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Appears in Collections:Faculty of Health Sciences and Sport Journal Articles
Peer Review Status: Refereed
Title: A powerful intervention: general practitioners' use of sickness certification in depression
Author(s): Macdonald, Sara R
Maxwell, Margaret
Wilson, Philip
Smith, Michael
Whittaker, William
Sutton, Matt
Morrison, Jill
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Keywords: Depression
Mood disorder
Primary care
Environmental medicine
Doctor-patient relationship
Mental health
Depression, Mental Treatment
Cognitive therapy.
Issue Date: 9-Aug-2012
Date Deposited: 15-May-2013
Citation: Macdonald SR, Maxwell M, Wilson P, Smith M, Whittaker W, Sutton M & Morrison J (2012) A powerful intervention: general practitioners' use of sickness certification in depression. BMC Family Practice, 13 (Article 82).
Abstract: Background: Depression is frequently cited as the reason for sickness absence, and it is estimated that sickness certificates are issued in one third of consultations for depression. Previous research has considered GP views of sickness certification but not specifically in relation to depression.This study aimed to explore GPs views of sickness certification in relation to depression.Methods: A purposive sample of GP practices across Scotland was selected to reflect variations in levels of incapacity claimants and antidepressant prescribing. Qualitative interviews were carried out between 2008 and 2009.Results: A total of 30 GPs were interviewed. A number of common themes emerged including the perceived importance of GP advocacy on behalf of their patients, the tensions between stakeholders involved in the sickness certification system, the need to respond flexibly to patients who present with depression and the therapeutic nature of time away from work as well as the benefits of work. GPs reported that most patients with depression returned to work after a short period of absence and that it was often difficult to predict which patients would struggle to return to work.Conclusions: GPs reported that dealing with sickness certification and depression presents distinct challenges. Sickness certificates are often viewed as powerful interventions, the effectiveness of time away from work for those with depression should be subject to robust enquiry.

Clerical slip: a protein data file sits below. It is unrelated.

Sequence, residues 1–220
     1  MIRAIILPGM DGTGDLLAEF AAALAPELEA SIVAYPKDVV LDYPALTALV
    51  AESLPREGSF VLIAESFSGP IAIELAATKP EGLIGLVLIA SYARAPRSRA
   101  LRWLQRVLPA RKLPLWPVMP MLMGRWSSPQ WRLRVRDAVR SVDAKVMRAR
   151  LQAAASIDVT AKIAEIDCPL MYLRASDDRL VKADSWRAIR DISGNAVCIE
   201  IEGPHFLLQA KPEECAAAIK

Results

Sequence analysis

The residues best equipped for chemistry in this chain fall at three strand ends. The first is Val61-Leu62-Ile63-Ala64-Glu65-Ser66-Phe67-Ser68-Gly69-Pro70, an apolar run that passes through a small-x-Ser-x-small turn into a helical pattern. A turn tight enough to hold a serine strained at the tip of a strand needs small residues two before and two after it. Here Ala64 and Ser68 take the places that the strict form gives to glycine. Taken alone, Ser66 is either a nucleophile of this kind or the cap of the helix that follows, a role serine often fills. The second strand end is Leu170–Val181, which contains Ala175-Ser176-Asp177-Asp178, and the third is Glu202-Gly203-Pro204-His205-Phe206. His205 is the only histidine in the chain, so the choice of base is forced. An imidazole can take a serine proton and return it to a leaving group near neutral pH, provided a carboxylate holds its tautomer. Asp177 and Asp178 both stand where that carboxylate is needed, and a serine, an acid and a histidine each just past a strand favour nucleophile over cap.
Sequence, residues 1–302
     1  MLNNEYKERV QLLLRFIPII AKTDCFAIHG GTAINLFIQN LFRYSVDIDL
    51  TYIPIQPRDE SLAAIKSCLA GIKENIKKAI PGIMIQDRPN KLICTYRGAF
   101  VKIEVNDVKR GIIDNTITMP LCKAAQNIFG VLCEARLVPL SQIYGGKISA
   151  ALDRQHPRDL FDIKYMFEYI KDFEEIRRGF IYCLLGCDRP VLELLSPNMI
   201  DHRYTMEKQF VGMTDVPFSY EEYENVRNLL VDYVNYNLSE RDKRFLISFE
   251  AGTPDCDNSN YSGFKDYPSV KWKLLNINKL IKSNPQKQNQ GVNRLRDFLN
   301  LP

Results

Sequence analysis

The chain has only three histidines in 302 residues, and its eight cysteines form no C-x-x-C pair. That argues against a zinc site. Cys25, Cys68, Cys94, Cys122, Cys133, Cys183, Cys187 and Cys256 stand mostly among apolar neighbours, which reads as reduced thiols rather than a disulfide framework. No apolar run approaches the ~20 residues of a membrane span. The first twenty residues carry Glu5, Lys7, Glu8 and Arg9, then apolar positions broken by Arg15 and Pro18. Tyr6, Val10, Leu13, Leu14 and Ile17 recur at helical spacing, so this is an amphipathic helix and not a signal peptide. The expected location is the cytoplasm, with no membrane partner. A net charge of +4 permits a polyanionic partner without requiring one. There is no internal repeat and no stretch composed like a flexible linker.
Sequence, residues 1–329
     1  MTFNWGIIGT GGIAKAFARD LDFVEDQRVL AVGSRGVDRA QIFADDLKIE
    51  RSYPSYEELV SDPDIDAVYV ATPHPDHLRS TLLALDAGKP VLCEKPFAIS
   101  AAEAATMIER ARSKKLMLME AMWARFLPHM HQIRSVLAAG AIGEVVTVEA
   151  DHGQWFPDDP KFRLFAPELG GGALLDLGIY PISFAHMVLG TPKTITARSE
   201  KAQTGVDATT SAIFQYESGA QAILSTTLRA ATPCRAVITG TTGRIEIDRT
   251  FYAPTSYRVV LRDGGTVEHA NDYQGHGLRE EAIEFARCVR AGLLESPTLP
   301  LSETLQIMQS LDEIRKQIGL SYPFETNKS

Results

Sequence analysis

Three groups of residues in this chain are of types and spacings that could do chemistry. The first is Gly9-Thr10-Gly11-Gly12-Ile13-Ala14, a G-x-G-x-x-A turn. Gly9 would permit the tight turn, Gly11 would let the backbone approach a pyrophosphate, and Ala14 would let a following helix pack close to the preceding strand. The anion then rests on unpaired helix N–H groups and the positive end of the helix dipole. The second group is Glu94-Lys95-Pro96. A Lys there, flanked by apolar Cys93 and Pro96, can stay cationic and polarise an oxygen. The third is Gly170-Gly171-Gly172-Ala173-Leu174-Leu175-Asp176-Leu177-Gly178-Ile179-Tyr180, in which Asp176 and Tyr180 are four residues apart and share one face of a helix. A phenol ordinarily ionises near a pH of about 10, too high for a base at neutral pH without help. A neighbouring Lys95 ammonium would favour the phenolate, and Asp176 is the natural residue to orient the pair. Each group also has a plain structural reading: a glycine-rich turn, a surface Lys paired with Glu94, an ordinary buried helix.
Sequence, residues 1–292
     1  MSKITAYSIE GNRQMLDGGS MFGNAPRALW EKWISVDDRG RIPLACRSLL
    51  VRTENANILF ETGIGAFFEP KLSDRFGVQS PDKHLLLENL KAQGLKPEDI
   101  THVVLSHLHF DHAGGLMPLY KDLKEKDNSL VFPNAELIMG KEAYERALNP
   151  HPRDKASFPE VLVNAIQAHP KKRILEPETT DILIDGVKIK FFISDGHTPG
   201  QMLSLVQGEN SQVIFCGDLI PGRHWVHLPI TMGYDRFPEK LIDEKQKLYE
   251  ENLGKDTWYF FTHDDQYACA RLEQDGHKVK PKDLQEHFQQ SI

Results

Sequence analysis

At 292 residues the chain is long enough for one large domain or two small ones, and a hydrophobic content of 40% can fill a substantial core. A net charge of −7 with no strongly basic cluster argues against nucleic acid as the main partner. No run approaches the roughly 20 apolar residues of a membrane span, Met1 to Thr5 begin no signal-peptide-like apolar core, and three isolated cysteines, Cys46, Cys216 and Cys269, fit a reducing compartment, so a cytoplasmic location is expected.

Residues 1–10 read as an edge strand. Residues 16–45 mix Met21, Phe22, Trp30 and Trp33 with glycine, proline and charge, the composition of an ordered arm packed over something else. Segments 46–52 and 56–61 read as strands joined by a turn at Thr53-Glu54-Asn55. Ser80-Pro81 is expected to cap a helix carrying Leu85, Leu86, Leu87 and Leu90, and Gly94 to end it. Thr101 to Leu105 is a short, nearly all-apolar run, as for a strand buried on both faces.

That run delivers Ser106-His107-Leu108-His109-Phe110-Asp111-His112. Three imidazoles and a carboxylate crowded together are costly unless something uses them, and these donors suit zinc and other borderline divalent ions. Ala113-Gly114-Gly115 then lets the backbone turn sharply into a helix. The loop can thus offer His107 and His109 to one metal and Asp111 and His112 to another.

DOI Link: 10.1186/1471-2296-13-82
Rights: © 2012 Macdonald et al.; licensee BioMed Central Ltd. This is an Open Access article distributed under the terms of the Creative Commons Attribution License (, which permits unrestricted use, distribution, and reproduction in any medium, provided the original work is properly cited. The electronic version of this article is the complete one and can be found online at:
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